Late papers are penalized 2 points per day up to 24 points (twelve days). Thereafter, they receive an automatic 60, minus points reduced for errors; they may be revised, but not for a higher grade. One paper extension is granted per semester per student; no extensions on final paper.
Attendance: Perfect, prepared attendance raises the final grade by 1.5 points out of 100. Two (excused) absences are forgiven; a third excused absence lowers the final grade 1 point out of 100. Each absence after that lowers the final grade by 5 points out of 100. In general, I ask students who are chronically unprepared, or who miss more than five classes, to withdraw from the course. The only acceptable excuse for cutting a workshop or coming to one without a paper is a doctor-signed certification of bubonic plague.
Conferences: each student must sign up in class for one conference on each paper. The schedule of conferences will be posted on the door of D29A after everybody has signed up. Cutting a conference (as opposed to trading times with somebody else or changing times with prior – i.e., 24-hour – notice) is the equivalent of cutting a class.
Office hours are posted weekly (usually on Thursday afternoons) on the door of D29A; students should sign for appointments. If nobody has signed up, drop in at open hours.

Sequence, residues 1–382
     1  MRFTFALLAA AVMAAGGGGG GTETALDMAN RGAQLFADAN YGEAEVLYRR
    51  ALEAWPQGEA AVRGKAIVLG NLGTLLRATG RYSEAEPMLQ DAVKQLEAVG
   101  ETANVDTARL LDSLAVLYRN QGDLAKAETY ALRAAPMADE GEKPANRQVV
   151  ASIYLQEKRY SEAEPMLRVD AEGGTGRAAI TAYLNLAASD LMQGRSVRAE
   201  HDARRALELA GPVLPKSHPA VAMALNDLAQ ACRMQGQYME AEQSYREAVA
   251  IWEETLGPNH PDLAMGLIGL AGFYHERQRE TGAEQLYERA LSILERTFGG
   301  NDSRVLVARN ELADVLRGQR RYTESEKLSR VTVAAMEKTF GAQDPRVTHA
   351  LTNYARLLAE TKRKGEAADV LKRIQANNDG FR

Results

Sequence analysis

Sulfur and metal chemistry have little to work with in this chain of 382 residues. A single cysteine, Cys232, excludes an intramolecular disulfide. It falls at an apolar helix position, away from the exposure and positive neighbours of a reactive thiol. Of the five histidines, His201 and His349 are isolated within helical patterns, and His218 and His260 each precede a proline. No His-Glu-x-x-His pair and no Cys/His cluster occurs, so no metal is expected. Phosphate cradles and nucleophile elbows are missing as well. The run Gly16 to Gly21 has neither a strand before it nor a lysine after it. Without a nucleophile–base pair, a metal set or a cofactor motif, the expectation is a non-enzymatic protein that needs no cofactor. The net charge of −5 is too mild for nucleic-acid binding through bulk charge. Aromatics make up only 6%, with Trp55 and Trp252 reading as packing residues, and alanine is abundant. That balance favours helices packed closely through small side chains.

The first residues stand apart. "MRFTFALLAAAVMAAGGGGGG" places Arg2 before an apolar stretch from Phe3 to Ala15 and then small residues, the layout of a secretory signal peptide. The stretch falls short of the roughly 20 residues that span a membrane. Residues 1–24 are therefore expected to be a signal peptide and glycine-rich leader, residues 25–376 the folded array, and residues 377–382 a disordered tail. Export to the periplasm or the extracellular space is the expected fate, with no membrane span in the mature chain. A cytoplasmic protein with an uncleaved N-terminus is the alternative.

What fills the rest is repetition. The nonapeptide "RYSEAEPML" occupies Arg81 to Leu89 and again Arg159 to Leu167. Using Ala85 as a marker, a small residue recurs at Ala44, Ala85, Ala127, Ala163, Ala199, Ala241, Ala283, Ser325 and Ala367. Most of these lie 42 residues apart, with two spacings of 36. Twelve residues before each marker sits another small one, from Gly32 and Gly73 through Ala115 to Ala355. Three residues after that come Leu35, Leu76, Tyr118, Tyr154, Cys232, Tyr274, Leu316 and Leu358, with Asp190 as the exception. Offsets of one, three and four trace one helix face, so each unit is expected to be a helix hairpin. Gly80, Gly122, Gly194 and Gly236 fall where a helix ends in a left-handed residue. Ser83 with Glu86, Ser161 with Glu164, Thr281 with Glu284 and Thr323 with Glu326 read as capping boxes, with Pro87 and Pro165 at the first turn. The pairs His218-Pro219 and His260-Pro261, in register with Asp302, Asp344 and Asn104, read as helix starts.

Techniques of writing effectively
September 12. Writing papers, right brains, and Black Angels
September 14. Personal essays: what makes them work. Discuss Selzer and Gawande.
Monday, September 18. Paper 1 due at noon, D29A
Medicine, war, and cultural tragedy
September 19. Fadiman, vii-118
September 21. Fadiman, 119-209 (bring Hammond Atlas)
September 26. No class -- conferences Monday and Tuesday
September 28. Fadiman, 210-288
Nuts and bolts
October 3. Sentence structure boot-camp (order Porter photocopies)
October 5. Defining paper topics: Handout
Monday, October 9. Paper 2 due at noon, D29A
October 10 Ulrich, 3-71, and skim 72-102 (receive explication exercise)
October 12. Ulrich, skim 134-161; read closely 162-203, 235-261
October 17. Conferences -- no class
October 19 Video of A Midwife's Tale
October 24 Hendricks weekend
October 26. Explication exercise: bring a draft for a workshop.
Monday, October 30. Explication exercise due at noon D29A
Disease and history.
October 32. Disease and culture: Porter photocopies, 14-43, 106-134